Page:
By Isa Jones
By Mary Willson
By Brian Turk
By Drew AIles
By Taylor Boylston
By Bree Davies
By Emerald O'Brien
Jourdan Adler collects vintage games. Over the past year, he's acquired close to thirty original uprights, including Galaga, Pac-Man and Donkey Kong, that all date back to 1985 or earlier. He's even found a handful of cocktail-table video games, and he's restored them all to mint condition.
Soon he'll be sharing them with the public at The 1Up, an arcade, bar and restaurant at 1925 Blake Street, in the former home of Blues on Blake. Although Adler's idea isn't new — New York has Barcade, Texas Barcadia — there's nothing like it in Denver. "I think the concept is going to be a breath of fresh air for downtown," Adler says. "I think it's going to be completely different, something nobody's tried yet here."
Adler, who worked at Wahoo's Fish Taco in Denver from 2001 to 2005, wound up buying franchise rights and opening a Wahoo's in Austin, Texas. That's where he got the idea of opening an arcade bar. "I hadn't really heard of Barcade or Barcadia," he says, "and I thought, 'God, wouldn't it be great to open a vintage arcade bar?' And I started collecting games, but a few months after I started collecting games, I noticed a sign across the street from Wahoo's that said, 'Coming soon: Kung Fu Saloon — vintage arcade bar.' And I was like, you gotta be kidding me. It was the like the ultimate slap in the face. Really? Across the street?"
So instead of opening his place in Austin, Adler ended up selling Kung Fu the games that he'd already collected and helping the owners find some new ones. In the meantime, he started collecting more games for the spot he now planned to open in Denver with partner Mark Zupan, the wheelchair rugby star featured in the documentary Murderball. And when they found the 5,400-square-foot space that Blues on Blake had vacated last year, they knew they had the perfect LoDo location.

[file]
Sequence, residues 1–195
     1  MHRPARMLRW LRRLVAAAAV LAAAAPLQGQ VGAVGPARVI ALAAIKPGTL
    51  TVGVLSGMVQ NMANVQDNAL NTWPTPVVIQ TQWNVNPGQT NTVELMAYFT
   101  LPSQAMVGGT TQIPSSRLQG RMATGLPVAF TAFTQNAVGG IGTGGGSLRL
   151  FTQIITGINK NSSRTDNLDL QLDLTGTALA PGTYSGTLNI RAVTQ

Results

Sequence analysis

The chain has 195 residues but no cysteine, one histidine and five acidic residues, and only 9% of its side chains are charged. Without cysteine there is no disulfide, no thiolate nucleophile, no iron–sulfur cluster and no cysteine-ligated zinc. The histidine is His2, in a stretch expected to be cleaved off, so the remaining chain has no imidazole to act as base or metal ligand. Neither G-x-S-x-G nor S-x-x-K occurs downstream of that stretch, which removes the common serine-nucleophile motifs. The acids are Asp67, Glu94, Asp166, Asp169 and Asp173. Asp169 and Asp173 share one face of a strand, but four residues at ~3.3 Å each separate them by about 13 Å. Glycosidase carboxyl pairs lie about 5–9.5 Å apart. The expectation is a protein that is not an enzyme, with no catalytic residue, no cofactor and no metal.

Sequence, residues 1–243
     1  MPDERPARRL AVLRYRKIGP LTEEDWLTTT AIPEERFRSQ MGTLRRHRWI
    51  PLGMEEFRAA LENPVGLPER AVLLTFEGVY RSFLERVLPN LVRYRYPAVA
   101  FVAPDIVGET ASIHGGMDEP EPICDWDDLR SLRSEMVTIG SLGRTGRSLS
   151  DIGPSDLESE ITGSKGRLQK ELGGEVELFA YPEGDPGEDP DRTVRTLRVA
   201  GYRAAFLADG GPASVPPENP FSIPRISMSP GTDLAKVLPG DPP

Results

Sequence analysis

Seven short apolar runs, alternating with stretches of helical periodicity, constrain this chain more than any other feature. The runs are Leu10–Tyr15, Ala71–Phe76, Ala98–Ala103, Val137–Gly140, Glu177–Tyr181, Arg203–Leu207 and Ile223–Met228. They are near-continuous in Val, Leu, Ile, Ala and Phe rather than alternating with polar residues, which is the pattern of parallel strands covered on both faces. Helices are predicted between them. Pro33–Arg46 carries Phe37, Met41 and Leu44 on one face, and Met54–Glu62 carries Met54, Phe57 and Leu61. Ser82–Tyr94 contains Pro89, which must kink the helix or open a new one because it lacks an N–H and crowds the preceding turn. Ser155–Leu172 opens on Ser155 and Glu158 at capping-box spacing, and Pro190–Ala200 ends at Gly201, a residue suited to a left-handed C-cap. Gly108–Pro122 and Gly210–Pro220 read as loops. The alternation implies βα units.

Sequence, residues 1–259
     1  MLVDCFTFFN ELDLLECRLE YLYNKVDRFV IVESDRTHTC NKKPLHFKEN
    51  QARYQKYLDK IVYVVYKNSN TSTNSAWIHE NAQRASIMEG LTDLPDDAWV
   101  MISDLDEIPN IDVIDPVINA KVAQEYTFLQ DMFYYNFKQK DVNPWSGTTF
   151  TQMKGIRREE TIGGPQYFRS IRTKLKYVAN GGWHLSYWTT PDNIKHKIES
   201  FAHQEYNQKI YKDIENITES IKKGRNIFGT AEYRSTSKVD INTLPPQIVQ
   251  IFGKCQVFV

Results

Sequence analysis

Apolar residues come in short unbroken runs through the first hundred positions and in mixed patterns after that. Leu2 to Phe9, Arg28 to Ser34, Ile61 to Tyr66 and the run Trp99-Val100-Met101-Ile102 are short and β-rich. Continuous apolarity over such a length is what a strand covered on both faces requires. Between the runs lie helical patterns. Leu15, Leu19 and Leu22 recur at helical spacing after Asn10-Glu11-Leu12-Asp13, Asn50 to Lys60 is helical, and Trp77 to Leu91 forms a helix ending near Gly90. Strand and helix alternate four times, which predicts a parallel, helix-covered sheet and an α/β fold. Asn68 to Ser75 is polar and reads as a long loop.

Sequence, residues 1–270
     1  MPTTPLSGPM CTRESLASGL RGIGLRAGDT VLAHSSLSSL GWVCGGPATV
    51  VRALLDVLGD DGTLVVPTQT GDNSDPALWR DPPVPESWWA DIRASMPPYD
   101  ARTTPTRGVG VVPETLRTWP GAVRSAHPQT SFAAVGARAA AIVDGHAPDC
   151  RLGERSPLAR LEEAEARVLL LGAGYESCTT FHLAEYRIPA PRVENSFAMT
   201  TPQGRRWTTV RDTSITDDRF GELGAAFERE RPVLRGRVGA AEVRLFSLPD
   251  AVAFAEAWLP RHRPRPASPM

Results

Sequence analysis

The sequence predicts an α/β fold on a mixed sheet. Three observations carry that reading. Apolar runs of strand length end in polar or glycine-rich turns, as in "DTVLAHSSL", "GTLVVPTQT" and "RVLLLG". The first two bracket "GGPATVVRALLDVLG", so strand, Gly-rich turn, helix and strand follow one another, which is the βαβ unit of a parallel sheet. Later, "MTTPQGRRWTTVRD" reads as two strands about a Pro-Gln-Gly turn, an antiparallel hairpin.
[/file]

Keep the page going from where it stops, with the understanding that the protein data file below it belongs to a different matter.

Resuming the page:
Named after the green mushroom in Mario Brothers when you get the free guy or when player one is up at the start of a game, the 1Up will also have two lanes of Skee-Ball, eight pinball machines and a display case full of vintage home-game consoles, such as an Atari 2600, Bally Astrocade, Intellivision and CalecoVision, all made between 1977 and 1983, and all in their original boxes. Adler's also blowing up and hanging some vintage fliers that were sent to arcade owners in the '80s. He's recruited Mike Ortiz and Jonathan Lamb of Like Minded Productions to style out the bathrooms with vintage arcade art, and has Jason Garcia, one of the live painters with STS9, repainting the mural behind the stage area.
The 1Up is opening soft this week, but Adler hopes to have it going full steam by April 1, opening day for the Rockies. And because man does not live by video games alone, the kitchen will serve a full menu of upscale twists on bar food, including a quarter-pound bacon cheeseburger on a glazed doughnut.
Club scout: Speaking of arcade games, Celebrity Lanes and Taphouse is looking for an August opening at 15401-15739 East Arapahoe Road in Centennial. The 50,000-square-foot entertainment center will have forty lanes, arcade games, bocce courts, a sports grill and a taphouse. Its name is an homage to Celebrity Sports Center, which closed in 1994 after more than three decades on South Colorado Boulevard.